New Delhi: Funds of over Rs 200 crore have been allocated to scientific institutions, industries and startups to develop innovative solutions that can help fight the novel coronavirus pandemic, Department of Science and Technology (DST) secretary Ashutosh Sharma has said.
In a telephonic interview to ThePrint late Tuesday, Sharma said more funds will be allocated in due course as and when new proposals get approved in the fiscal year.
“Since we made the calls, we have received about 500 different project proposals… Right now we have put in over Rs 200 crore (into Covid-19 projects). We will continue to fund more research depending on how many good projects we get,” he added.
Sharma’s comments come days after the DST issued several calls inviting researchers to develop technologies that can help manage the disease.
Due to the urgent need of these technologies, the DST has fast-tracked the approval process of proposals dealing with coronavirus. Last week, the DST’s Science and Engineering Board (SERB) announced funding for the first five projects, even as officials continue to consider and approve project proposals on a rolling basis. Usually the DST takes at least six months to select projects for funding.
“Also remember, to initiate a project we do not need all the money up front – more funds will get sanctioned as the project progresses,” he said.
The DST is looking at funding projects under different categories. The first focuses on R&D, being sanctioned through SERB. The next is for commercial indigenous technology, via the Technology Development Board. The third is for supporting startups that are close to the final product or technology, through the National Science & Technology Entrepreneurship Development Board.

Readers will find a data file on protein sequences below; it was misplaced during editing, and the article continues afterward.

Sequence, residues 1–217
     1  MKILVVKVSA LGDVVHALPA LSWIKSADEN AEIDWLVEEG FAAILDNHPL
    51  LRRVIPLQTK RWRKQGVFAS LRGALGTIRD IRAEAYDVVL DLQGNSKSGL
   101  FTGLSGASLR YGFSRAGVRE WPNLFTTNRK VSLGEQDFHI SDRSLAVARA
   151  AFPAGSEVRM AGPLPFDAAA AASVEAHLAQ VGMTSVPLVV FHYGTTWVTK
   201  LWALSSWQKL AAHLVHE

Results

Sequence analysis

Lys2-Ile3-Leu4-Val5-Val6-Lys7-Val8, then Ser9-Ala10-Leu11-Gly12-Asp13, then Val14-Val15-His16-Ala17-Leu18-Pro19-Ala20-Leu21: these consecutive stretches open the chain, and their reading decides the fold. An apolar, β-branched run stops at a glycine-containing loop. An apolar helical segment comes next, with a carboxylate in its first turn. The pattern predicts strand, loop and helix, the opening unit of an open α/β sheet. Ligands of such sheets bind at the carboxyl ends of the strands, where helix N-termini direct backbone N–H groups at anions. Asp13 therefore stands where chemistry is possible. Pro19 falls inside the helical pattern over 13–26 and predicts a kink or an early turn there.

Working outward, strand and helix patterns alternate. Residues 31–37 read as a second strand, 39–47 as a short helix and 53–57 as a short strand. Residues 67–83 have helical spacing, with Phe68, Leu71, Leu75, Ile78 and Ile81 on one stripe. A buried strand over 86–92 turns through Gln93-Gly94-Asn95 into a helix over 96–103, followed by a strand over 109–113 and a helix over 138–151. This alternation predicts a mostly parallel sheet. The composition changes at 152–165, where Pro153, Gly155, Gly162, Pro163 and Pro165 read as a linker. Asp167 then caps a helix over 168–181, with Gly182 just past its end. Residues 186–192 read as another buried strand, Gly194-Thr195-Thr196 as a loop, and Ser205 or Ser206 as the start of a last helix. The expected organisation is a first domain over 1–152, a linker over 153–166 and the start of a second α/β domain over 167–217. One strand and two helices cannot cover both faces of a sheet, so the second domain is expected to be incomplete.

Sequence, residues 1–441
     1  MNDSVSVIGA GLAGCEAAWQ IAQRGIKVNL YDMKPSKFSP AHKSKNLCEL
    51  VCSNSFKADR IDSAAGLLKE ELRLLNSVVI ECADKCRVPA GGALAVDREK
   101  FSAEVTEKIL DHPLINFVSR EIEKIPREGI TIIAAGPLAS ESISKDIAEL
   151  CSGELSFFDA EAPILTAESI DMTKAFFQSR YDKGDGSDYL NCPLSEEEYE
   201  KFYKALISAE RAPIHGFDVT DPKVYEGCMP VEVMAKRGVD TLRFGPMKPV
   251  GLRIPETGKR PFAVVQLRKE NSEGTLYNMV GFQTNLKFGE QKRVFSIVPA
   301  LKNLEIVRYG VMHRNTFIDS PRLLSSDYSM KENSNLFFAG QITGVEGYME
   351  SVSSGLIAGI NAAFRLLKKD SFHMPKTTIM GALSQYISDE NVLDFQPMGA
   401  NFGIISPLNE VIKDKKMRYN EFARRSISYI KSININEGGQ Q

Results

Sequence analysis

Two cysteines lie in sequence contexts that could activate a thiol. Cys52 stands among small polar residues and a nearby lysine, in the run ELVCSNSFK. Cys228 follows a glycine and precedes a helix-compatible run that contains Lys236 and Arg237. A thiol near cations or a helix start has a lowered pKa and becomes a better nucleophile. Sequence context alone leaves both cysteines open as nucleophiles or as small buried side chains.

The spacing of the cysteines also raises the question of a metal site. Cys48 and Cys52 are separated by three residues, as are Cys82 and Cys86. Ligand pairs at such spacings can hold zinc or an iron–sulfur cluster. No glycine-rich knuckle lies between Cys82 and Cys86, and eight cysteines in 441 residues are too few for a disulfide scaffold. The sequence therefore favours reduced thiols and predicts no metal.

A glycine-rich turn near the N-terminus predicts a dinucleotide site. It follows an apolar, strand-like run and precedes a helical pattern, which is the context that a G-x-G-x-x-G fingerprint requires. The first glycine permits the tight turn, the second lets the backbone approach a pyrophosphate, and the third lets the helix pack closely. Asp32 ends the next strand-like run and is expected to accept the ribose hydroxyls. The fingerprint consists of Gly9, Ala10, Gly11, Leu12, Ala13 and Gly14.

“We are not just funding research. We are also funding startups and manufacturing activities for companies. At this moment we are not giving priority to long term research. We are focussing more on development – that is translating research into product or technology,” Sharma said.
He added that once the immediate crisis blows over, the DST will start looking at long term research on the subject.
Addressing potential need for ventilators
Ashutosh Sharma said there are specific areas of research and development that the DST is giving immediate attention to.
One is the need for ventilators. Existing ventilators can cost up to Rs 6 lakh, but some of the new designs being developed can bring the cost down to Rs 7,000, Sharma said. “There is a huge segment for patient care which does not require ‘pukka’ ventilators or ICU kind of support,” Sharma explained.
“About 14 per cent of those affected worldwide need some amount of respiratory support. But only four per cent need the ICU support. The remaining 10 per cent can use some other type of technology,” he said
“These are a different class of ventilators – for which there are about half a dozen good designs now – many of whom have made manufacturing plans with the industry,” he added.
Developing long-lasting antiviral coatings
The DST secretary also pointed out that there is a huge requirement for long-lasting antiviral surface coatings.
“There is a special call for proposals from the DST just pertaining to that, because a lot of transmission of the virus is happening through surfaces – such as fabrics, wood and metal,” he said.
Computing mission helping identify drugs
Infrastructure developed through the Ministry of Science and Technologies Supercomputing mission and Artificial Intelligence mission are being used to find good combinations of drugs that have the potential to treat Covid-19, Ashutosh Sharma said.
The SERB is actively considering some repurposed drug trials, and a decision is likely to be taken in the next ten days, he added.
“We are trying to address the problem through different verticals of technology. We are focussing on innovations based on the speed, reach, simplicity, cost effectiveness, and ease of maintenance,” Sharma said.